Last week, the government of Haiti embarked upon a major national effort to assess 100,000 structures before the arrival of the hurricane season. It is a race against time to get citizens off of streets and flood prone camps into their undamaged homes.
West Sacramento-based Miyamoto International is partnering with the Haitian government, United Nations Office of Project Services (UNOPS) and the World Bank to provide technical oversight in the assessment program. The work is also in collaboration with the U.S. Joint Task Force and Naval Facilities Engineering Command (NAVFAC) engineers.
Miyamoto has been in Port au Prince since the days immediately following the massive quake in January, working with private and public institutions to assist in rebuilding Haiti.
Posting on his website, Miyamoto says that he sees “a lot of poverty and tragedy every day. We need to find safe shelter for the millions of citizens living on the streets. They and their tents will be defenseless against a strong hurricane.”
While in Haiti, Miyamoto’s expert teams are also working on several major recovery initiatives. For the Ministry of Public Works project with UNOPS, Miyamoto experts adapted the ATC-20 technical assessment platform to the Haitian context, and trained and lead 200-plus Haitian engineers in damage assessments. This national effort has resulted in completing over 1,700 building inspections per day. To date, over 30,000 structures have been assessed to international standards.
In addition to damage assessment, Miyamoto is developing repair and retrofit standards for the quake-damaged country. It is also training the next generation of Haiti earthquake engineers.
A recent online report from the field finds Miyamoto and a group of engineers touring damage in Zone 4 of the Delmas 32 district:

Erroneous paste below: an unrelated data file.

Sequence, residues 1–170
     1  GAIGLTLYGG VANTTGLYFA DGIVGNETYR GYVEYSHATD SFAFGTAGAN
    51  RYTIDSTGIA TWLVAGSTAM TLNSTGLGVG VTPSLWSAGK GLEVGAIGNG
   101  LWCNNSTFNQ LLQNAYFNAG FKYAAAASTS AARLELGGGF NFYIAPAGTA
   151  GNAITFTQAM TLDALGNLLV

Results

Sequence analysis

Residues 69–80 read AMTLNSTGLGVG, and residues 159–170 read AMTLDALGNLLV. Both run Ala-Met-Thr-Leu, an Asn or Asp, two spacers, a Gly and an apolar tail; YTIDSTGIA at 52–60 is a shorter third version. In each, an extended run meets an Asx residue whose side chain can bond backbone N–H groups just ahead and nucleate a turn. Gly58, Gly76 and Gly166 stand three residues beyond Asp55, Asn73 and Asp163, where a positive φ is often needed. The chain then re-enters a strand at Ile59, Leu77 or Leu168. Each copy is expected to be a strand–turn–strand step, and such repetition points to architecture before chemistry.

“We’re accomplishing what we intended, but in an improvised way. As agreed, though, all divisions are staying close together for security reasons. I see engineers inputting the building data into their PDAs. Others are painting structures with a stencil and red, yellow or green paint.
“With the PDA data, we can keep track of where we’ve been, as well as making for easy comparisons to other recon teams’ results. Before we arrived, several U.S. civilian engineers are also acting as a recon team. They provided a statistical benchmark for us. With that benchmark, our MI experts on the ground and our Haitian engineers, the quality assurance program is pretty tight.
“I enter a narrow alley with an EU representative who wants to observe the operation. We’re followed by a couple of engineers and Guilaine (a Haitian PADF human rights attorney and translator for Miyamoto’s team). We are always with a couple of Haitians. This is something Guilaine insists on.
“She says, ‘Kidnapping of internationals for large sums is real here. Foreigners should not be alone anywhere. If something happens to you, these Haitians will fight to the death for you.’ The EU rep is listening intently to her. After all, a couple of doctors from an NGO were recently kidnapped and held for a couple of days. Security concerns consistently slow down the reconstruction effort.
“In the gray alley, we come across a little clearing where a half-collapsed two-story building is leaning toward us. The place is eerily quiet and calm. There is a mother and two little girls washing dishes under the shadow of the building. ‘It’s very dangerous here,’ I tell them. ‘You should move on.’ Guilaine translates and our voices echo. The mother looks at us and slowly collects the half-washed dishes and moves on…
“We’re done in a few hours, with our dedicated and efficient engineers leading the way. By 3 p.m. we’ve tagged almost 1,600 objects in zones 4 and 6 (with other division teams). We’re drenched, dirty and exhausted. We hop in our vans and head back to the Ministry.
“It’s a great team. We trust and respect our Haitian colleagues, and I think they feel the same. Our goal is to assess 100,000 structures by the end of May. I think we can do it with this team.”